I’m always drawn to material that is described as “fresh,” “original” or “inventive.” So when I was introduced to Steph Swainston and her highly praised fantasy series, I was eager to delve into this fascinating new world starting with Ms. Swainston’s debut The Year of Our War. Unluckily for me, it wasn’t quite what I expected.
Set in The Fourlands, The Year of Our War focuses on three races (humans, winged yet flightless Awians, and the mysterious Rhydanne) who have been at war for almost 2000 years with the giant, carnivorous, ant-like Insects. Aiding the Zascai (mortals) in their constant battle against the Insects are Emperor San and his chosen Circle of fifty Immortals (Eszai), each of whom are masters in a certain area (The Swordsman, The Sailor, The Blacksmith, etc.). While the majority of the book centers on battles against the Insects, the plot also includes court intrigues, marital disputes, and doomed passions.
Narrating this entire story from a first-person point of view (and the occasional newspaper article or letter) is Comet Jant Shira, The Messenger, a half-Awian/half-Rhydanne Immortal unique in his ability to fly. For a central character, Jant is not the most likeable fellow. First of all, he is not very well defined, with only the occasional flashback or glimpse into his background, which is a shame, because there does seem to be a lot of interesting opportunities to explore here. Secondly, Comet has a weak personality, dominated by his addiction to the drug scolopendium (cat). While this adds a unique dimension to Mr. Jant, it’s not enough to overshadow the shaky dialogue or the schizophrenic manner in which the story is told. Worst of all, though he’s the main character, Jant rarely moves the tale forward on his own and seems to always be embroiled in the machinations of secondary players (Archer Lightning Micawater, Dunlin Rachiswater, Sailor Shearwater Mist, Ata Dei, Swallow Awndyn, etc.) who are even more one-dimensional than Comet.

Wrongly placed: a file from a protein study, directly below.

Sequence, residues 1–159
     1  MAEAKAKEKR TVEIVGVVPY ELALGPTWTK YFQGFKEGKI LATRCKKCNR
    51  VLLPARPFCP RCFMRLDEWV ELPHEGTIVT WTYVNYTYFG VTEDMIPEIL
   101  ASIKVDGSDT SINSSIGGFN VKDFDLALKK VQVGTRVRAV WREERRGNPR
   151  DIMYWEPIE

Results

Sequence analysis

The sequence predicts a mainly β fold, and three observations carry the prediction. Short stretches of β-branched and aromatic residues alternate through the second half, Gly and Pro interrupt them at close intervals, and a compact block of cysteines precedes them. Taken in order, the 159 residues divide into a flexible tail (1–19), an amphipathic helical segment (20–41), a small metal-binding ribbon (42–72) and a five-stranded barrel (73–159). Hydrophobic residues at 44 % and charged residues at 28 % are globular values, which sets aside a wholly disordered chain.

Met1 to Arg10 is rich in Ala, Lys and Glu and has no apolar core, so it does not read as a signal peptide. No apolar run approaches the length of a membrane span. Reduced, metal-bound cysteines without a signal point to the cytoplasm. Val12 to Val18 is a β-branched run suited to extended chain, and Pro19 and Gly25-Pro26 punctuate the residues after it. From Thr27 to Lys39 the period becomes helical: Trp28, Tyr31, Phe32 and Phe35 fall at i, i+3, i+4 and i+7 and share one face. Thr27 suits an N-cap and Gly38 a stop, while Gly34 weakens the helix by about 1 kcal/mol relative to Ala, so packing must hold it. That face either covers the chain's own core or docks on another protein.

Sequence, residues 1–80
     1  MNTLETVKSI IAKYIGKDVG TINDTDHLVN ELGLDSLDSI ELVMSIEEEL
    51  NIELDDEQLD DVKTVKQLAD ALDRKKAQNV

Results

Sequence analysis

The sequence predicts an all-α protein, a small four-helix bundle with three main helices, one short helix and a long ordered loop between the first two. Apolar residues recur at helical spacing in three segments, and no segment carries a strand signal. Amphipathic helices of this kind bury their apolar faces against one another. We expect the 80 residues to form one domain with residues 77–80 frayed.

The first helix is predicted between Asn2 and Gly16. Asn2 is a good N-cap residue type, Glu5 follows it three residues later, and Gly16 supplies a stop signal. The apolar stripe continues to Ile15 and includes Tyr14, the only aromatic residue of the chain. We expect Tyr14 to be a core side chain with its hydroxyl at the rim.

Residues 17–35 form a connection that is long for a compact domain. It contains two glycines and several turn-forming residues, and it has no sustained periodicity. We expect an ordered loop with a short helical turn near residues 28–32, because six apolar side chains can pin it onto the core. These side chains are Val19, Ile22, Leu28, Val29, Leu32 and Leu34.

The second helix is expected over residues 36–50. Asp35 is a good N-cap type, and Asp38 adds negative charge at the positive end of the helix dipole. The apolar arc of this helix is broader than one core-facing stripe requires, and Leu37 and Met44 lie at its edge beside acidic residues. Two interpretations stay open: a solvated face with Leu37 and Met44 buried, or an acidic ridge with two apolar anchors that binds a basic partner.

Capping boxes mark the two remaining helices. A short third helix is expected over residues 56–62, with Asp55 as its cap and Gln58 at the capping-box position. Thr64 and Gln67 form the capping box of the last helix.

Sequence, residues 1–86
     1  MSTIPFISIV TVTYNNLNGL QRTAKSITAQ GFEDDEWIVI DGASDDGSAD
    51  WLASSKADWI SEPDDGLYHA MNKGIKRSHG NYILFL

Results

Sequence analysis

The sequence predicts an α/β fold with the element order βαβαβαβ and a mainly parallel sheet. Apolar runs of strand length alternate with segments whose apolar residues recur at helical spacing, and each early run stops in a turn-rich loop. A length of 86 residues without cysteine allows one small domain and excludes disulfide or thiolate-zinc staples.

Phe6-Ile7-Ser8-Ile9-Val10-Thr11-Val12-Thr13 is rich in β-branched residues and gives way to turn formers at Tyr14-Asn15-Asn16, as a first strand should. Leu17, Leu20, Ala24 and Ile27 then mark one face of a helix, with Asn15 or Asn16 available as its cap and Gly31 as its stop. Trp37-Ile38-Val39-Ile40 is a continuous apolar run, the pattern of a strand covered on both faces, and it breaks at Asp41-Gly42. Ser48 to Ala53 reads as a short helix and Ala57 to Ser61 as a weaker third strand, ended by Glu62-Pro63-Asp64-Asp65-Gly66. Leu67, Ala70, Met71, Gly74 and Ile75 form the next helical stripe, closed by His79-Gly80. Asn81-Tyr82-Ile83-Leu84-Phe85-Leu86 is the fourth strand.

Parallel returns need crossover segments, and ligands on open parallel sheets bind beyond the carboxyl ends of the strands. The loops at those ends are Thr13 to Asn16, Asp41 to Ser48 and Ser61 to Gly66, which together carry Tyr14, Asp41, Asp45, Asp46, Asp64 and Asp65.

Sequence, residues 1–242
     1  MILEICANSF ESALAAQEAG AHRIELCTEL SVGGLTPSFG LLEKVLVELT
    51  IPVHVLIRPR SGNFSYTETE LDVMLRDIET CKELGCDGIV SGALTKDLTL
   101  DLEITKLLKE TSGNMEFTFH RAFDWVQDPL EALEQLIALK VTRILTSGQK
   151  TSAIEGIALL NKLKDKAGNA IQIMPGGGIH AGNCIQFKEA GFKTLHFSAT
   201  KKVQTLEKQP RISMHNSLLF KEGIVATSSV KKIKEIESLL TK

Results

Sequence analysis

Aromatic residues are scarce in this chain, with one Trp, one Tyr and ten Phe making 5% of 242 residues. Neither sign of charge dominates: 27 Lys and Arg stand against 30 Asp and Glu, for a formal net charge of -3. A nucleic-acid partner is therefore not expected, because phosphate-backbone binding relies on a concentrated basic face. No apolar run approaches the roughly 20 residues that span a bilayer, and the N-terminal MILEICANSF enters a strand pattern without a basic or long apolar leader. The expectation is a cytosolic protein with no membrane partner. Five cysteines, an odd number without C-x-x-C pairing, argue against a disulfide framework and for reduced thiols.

As a whole, The Year of Our War just wasn’t my kind of fantasy. Part of it was the world itself. It was a cluttered amalgam of ideas that excelled in some areas such as the land/sea battles versus the Insects and particularly the Shift (the highlight of the book), a highly imaginative alternate world where Jant goes to when he takes enough cat, though unfortunately is visited only rarely throughout the novel. But other themes either fall flat (the dramatic scenes involving mortals and immortals) or are just underdeveloped (the Circle, the Rhydanne, the Insects, etc.). Personally, I think the main problem I had with the book was the writing itself. While I felt that the concept behind The Year of Our War was solid enough, the execution with which it was brought to life was just too erratic, with Ms. Swainston’s strengths lying in her descriptive prose of battles, scenery, etc., and her weakness sorely evident in the characterization, dialogue, plotting, and to some extent, the pacing.
In the end, The Year of Our War is a book that I’m not sure I can recommend, and in all honesty, I probably won’t be reading its follow-up No Present Like Time anytime soon, though I will keep an eye on Steph Swainston just to see how she progresses as a writer.
Fourlands — (2004-2016) Publisher: Jant is the Messenger, one of The Circle, a cadre of 50 immortals who serve the Emperor, and the only who can fly. The Emperor seeks to protect mankind from the hordes of giant insects who have plagued the land for centuries. But he must also contend with the rivalries of his chosen immortals.